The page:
“ Your mind is likewise blocked. But the right road awaits you still. Cast out your doubts, your fears and your desires, let go of grief and of hope as well, for where these rule , then the mind is their subject." Boetius
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Re: Is there a real world out there?...

Postby reflection » Sun Jun 30, 2013 11:14 am

Spiny Norman wrote:
reflection wrote:Then again I don't think it is important to come to a conclusion about whether there is an external world or not. But I do think it's important to see how fleeting, alterable and unreliable our perceptions of this world really are.


But without an external world there would be no sense objects and therefore no experience, so I think an external world is a reasonable assumption ( and note the distinction between internal and external in the Satipatthana Sutta ).

I agree with your second point, though again from a practical point of view we have to rely on certain assumptions about perception. For example when working as an electrician the reliable perception of colour is quite important, because if one cuts the wrong wire one is liable to get electrocuted. ;)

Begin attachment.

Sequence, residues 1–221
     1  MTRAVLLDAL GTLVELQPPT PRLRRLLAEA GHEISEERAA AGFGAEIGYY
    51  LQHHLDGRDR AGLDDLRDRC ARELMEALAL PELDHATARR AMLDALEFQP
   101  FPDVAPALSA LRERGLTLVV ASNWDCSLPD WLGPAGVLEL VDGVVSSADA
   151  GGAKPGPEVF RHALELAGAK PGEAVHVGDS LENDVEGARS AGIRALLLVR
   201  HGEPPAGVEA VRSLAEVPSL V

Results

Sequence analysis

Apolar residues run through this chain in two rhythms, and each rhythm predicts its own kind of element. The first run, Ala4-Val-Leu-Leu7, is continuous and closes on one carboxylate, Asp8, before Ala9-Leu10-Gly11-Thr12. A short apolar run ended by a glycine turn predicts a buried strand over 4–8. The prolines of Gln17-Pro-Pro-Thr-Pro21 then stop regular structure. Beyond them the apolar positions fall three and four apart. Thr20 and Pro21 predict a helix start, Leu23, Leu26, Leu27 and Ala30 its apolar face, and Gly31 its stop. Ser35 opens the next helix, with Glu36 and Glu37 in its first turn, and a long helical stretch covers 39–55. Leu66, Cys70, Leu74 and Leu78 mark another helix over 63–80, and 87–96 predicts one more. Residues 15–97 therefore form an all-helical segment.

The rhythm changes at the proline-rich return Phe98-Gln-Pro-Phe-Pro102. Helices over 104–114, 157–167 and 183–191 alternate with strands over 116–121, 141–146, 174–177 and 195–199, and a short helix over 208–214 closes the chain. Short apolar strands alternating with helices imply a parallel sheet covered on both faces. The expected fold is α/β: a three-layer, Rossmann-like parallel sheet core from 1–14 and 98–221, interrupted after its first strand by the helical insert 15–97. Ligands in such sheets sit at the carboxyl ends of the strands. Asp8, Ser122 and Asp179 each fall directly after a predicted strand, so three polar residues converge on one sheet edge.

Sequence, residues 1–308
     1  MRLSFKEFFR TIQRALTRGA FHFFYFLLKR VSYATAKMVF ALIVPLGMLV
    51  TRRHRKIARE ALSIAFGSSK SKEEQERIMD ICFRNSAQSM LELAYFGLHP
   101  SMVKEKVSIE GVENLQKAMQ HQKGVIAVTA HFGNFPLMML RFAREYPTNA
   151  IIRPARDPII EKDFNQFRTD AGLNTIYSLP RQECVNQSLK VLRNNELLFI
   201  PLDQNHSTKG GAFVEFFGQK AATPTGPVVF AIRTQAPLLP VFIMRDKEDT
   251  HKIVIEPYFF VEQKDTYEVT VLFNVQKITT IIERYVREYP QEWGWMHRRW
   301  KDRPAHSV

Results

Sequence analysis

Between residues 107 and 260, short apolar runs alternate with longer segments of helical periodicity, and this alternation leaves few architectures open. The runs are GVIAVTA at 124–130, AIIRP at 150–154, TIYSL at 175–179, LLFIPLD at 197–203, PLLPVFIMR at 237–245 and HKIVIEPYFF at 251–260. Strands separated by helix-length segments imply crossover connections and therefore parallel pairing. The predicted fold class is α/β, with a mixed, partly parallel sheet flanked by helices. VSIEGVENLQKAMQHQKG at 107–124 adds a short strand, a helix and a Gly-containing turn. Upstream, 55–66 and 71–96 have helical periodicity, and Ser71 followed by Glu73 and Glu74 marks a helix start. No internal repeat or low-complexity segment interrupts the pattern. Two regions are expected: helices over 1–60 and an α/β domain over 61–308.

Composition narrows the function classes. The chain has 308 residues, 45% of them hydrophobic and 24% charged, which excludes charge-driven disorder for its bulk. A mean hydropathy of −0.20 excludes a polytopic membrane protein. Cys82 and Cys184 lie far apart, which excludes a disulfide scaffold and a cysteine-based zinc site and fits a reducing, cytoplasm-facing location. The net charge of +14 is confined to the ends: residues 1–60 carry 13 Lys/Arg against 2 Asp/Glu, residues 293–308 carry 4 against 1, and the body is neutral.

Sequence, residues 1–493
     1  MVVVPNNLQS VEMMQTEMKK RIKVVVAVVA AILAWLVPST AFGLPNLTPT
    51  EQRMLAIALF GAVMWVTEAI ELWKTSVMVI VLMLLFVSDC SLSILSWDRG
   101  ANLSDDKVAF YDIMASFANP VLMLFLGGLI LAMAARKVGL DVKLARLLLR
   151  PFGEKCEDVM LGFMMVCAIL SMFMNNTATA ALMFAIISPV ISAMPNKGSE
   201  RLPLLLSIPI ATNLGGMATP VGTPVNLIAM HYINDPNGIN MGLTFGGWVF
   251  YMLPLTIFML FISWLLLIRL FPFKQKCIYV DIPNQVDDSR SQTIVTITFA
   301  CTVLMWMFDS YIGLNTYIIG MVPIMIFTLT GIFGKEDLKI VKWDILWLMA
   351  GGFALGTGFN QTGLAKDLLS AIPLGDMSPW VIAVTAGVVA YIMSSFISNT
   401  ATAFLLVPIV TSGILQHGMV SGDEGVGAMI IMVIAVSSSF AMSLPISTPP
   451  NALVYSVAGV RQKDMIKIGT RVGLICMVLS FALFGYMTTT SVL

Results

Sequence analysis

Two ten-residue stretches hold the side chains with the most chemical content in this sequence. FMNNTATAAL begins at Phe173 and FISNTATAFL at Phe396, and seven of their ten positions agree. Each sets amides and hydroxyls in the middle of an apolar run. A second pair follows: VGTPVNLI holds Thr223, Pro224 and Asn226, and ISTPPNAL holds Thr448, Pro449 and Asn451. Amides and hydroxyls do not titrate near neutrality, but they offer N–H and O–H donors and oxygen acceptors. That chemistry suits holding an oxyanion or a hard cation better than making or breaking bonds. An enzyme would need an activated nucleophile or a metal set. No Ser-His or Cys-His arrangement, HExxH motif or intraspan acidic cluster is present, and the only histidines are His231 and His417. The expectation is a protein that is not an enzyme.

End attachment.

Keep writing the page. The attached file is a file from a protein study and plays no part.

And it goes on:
I agree it is very reasonable, but not important for the practice. And at least the world and our experience of the world are very much connected. So the Buddha called the six senses "the world" in many suttas. In my eyes pointing to the importance of us creating 'the world'.
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Re: Is there a real world out there?...

Postby binocular » Sun Jun 30, 2013 4:43 pm

Spiny Norman wrote:
reflection wrote:Then again I don't think it is important to come to a conclusion about whether there is an external world or not. But I do think it's important to see how fleeting, alterable and unreliable our perceptions of this world really are.

But without an external world there would be no sense objects and therefore no experience, so I think an external world is a reasonable assumption ( and note the distinction between internal and external in the Satipatthana Sutta ).
I agree with your second point, though again from a practical point of view we have to rely on certain assumptions about perception. For example when working as an electrician the reliable perception of colour is quite important, because if one cuts the wrong wire one is liable to get electrocuted.

I think that part of the problem is that we tend to come from the position of naive realism - basically we think that the world pretty much is the way we perceive it to be -
"Naïve realism, also known as direct realism or common sense realism, is a philosophy of mind rooted in a theory of perception that claims that the senses provide us with direct awareness of the external world."